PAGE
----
My latest NYT column looks at the trend away from vertical integration. An excerpt:
Since the 1980's, American corporations have been disintegrating--not falling apart, but becoming more specialized. Revenues or production volumes may be as large as ever, but even big companies tend to combine fewer stages of production under the same corporate ownership.
This trend presents a puzzle. As the business historian Alfred Chandler famously chronicled, the modern corporation succeeded in large measure by bringing many different stages of production under central ownership and control.
Why did vertical integration seem like the way to efficiency, predictability and riches? Was Mr. Chandler wrong?
Naturally, I think you should read the whole thing.
For more info on Dick Langlois's research, including a downloadable version of his paper, look here.
While I wasn't paying attention, the always-interesting anthropologist Grant McCracken has been enriching his website with new "Culture by Commotion" projects. One idea is what he calls the "Pepys Now" project, which encourages people to document common experiences that future readers wouldn't otherwise understand:
There is no shortage of diarists these days, not with billions of blogs on line. But will bloggers find immortality? No. This is not just because there are so many of us. The trouble is we assume the things readers will want to know in 100 years.
There are, for instance, countless blog entries from people experiencing the flu. But what history will care about are all the details that struck us as too obvious or banal to mention.
What the "flu" was like, what we took as "medicine." The "pharmacy" we got the medicine in. The conversation we had with that man in the lab coat. The advice we got from friends. What we wore while recuperating. What we watched on TV. What was illuminated by that faint light in the "refrigerator." The idea, for instance, of "comfort food." (What was it? What comfort did it give?) What we talked about on the "phone." What "emails" we wrote. What happened to personhood? What was it like to be us, as we lost momentum, as our affairs went into suspension, as our life began slowing to come undone. Where did the mind turn in this rare inactive moment. What fretting did we do?
In 100 years, the flu will be an exotic experience. (We read Pepys for his accounts of the plague; we know longer know what this was like.) Historians will hold conferences on the experience of sickness and curing. And they will consult our blogs mostly with unhappiness.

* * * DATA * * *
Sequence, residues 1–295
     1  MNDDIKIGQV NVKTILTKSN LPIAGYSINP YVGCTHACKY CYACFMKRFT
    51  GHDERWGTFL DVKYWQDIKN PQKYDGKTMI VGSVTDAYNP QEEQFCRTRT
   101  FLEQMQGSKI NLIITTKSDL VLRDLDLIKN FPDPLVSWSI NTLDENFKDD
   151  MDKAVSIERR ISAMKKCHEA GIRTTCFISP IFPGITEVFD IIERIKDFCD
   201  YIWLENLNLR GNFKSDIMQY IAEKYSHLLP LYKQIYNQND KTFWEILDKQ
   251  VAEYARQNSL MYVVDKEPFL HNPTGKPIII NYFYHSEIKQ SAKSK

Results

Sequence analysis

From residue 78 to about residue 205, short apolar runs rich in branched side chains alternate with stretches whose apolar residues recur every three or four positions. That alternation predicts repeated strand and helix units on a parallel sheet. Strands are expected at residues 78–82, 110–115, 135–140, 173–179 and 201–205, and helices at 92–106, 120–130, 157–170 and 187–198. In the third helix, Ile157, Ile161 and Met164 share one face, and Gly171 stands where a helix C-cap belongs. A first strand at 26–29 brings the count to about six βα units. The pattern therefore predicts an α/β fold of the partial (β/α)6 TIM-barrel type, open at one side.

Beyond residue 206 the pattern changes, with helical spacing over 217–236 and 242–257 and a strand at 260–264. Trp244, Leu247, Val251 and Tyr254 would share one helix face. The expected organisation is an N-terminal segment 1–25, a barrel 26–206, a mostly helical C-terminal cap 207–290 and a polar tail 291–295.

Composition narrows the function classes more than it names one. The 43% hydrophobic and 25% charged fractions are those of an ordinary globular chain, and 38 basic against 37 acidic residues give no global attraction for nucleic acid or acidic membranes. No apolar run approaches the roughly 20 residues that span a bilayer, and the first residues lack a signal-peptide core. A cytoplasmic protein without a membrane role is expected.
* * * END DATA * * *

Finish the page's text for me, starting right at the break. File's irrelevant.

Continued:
For the sake of future anthropologists, explain the flu! It's a fascinating proposal, if only as a thought experiment. Grant's full posting, worth reading in its entirety, does a great job of making the familiar strange and of reminding us how different the world will be sooner than we think.
It's a dog-bites-man story, but nonetheless significant. The American Medical Association has declared that "cloning for biomedical research is consistent with medical ethics," while recognizing "that physicians are free to decide whether to participate in this type of research or to use the products that result from this research."
The policy "makes a stance for science," Dr. Michael Goldrich, incoming chairman of the committee that drafted the report on which the new policy is based, told the Associated Press.
The policy emphasizes the physician's freedom of conscience. Media reports have portrayed that emphasis as a protection for those who oppose cell cloning--no physician will be ethically compelled to participate in a practice he or she deems morally wrong. True enough. But that isn't what the policy says. It says something much more sweeping: "An individual physician must remain free to decide to participate in this research."
In other words, neither Congress nor state legislatures should make this research a crime. Let's hope the AMA backs its policy with political clout.
Dana Priest, William Booth and Susan Schmidt of The Washington Post have done a huge amount of legwork to produce what they call "a second, more thorough but inconclusive cut at history", describing what did, and didn't, happen to Jessica Lynch.